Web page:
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'Agricultural tech will gain greater focus on growing uncertainties'

Rural Development Administration (RDA) Administrator Kim Kyeong-kyu speaks during an interview with The Korea Times at RDA headquarters in Jeonju, North Jeolla Province, June 1. Courtesy of RDA
Rural Development Administration (RDA) Administrator Kim Kyeong-kyu speaks during an interview with The Korea Times at RDA headquarters in Jeonju, North Jeolla Province, June 1. Courtesy of RDA

Korea eyes leadership in global effort to raise food security

By Nam Hyun-woo

JEONJU, North Jeolla Province ― The COVID-19 outbreak has triggered an alarm on food security in many countries, as labor migration and logistics suffer difficulties that hurt the global food supply chain.

With the pandemic adding more uncertainties to the global food industry, which was already threatened by rapid climate change, countries are heightening their efforts to enhance their food security and self-sufficiency, with some nations having climates and environments unfavorable for agriculture attempting to overcome their challenges.

The Rural Development Administration of Korea (RDA) believes mounting uncertainties are demanding the world to come up with advanced agricultural technologies, and the state-run R&D agency will continue working to make Korea an agricultural powerhouse.

"With growing uncertainties weighing down the world, it is important to secure (agricultural) technologies that can cope with various kind of challenges," RDA Administrator Kim Kyeong-kyu said during an interview with The Korea Times at RDA headquarters in Jeonju.

His remark came amid the fallout of COVID-19 affecting domestic and global food supply chain. In the U.S., large slaughterhouses and meat processing plants have fallen ill to the virus, while large farms in Korea are also suffering difficulties in finding migrated workers as cross-border travels face setbacks.

"To address these setbacks stemming from uncertainties, you have to automate farms and establish systems that can replace manpower," Kim said. "The pandemic became another reason for why agriculture should embrace artificial intelligence and smart systems."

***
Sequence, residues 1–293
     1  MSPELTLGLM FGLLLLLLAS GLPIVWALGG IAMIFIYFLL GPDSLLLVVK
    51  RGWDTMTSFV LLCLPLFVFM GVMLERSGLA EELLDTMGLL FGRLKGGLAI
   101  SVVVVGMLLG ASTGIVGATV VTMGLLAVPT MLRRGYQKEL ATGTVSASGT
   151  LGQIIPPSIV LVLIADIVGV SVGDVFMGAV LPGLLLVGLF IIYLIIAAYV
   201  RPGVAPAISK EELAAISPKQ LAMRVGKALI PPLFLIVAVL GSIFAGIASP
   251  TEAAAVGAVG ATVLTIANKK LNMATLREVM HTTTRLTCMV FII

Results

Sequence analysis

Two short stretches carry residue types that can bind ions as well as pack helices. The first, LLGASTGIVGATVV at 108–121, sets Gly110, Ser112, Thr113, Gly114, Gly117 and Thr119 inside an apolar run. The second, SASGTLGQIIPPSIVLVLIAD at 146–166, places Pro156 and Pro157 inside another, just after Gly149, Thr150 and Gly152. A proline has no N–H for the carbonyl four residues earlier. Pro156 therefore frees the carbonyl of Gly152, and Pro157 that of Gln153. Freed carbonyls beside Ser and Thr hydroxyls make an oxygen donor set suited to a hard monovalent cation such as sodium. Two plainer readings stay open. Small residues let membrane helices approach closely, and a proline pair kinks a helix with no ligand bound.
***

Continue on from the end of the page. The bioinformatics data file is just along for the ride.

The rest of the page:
The rapid climate change across the world is also a factor amplifying uncertainties surrounding the agricultural industry.

According to the RDA, Korea had a bad crop for apples and pears this year due to unexpected cold weather. The average temperature last year was relatively high, while the following spring was adversely cold, hampering apple and pear trees from bearing fruit. Additional damage was dealt to apple and pear farms here, as fires spread across some rural areas of the country.

"Everyone can handle climate change if the climate changes in a certain pattern," Kim said. "In recent years, however, climate change has been unpredictable. This raises the necessity for the agricultural industry to develop technologies for overcoming these challenges."

A growing number of countries are becoming more serious about their food security amid growing uncertainties surrounding the global agricultural industry.

According to the U.N. Food and Agriculture Organization (FAO), the number of undernourished people worldwide has been rising from 785.4 million in 2015 to 821.6 million in 2018. In 2018, 26.4 percent of the global population, or about 2 billion people, had experienced moderate or severe levels of food insecurity.

The RDA has been carrying out a series of projects around the world to tackle those uncertainties.

One of the projects is growing rice in a desert in the United Arab Emirates (UAE). On May 10, the RDA and a local institute harvested 1,400 kilograms of rice, after they planted RDA-developed Asemi rice on a 1,890-square-meter plot in the desert area of Sharjah last November.

The UAE's per capita rice consumption stands at 95 kilograms per year, but the country relies 100 percent on imported rice, due to its environment and climate unfavorable for growing rice.

Asemi rice was developed in 2013 by the RDA in an effort to make an export rice variant that could grow well in non-tropical countries.

Kim said the project is far from economically feasible due to high water prices in the country. Instead, the project was more about the UAE's future plans for food security.

According to the RDA, the project used 175 tons of water per hectare on a daily basis, worth 230,000 won ($188). If this prolongs for three months, the cost stands at 20 million won, while the price of rice harvested per hectare remains at 5.64 million won.

"The project was aimed at complementing the food security of the UAE," Kim said. "We also thought there would be a reason why UAE policymakers carried out the project despite the low economic feasibility."

Kim said it is too early to calculate the economic impact of the UAE rice project, but it will create additional value by exporting Korea's rice-processing machines as well as fertilizer.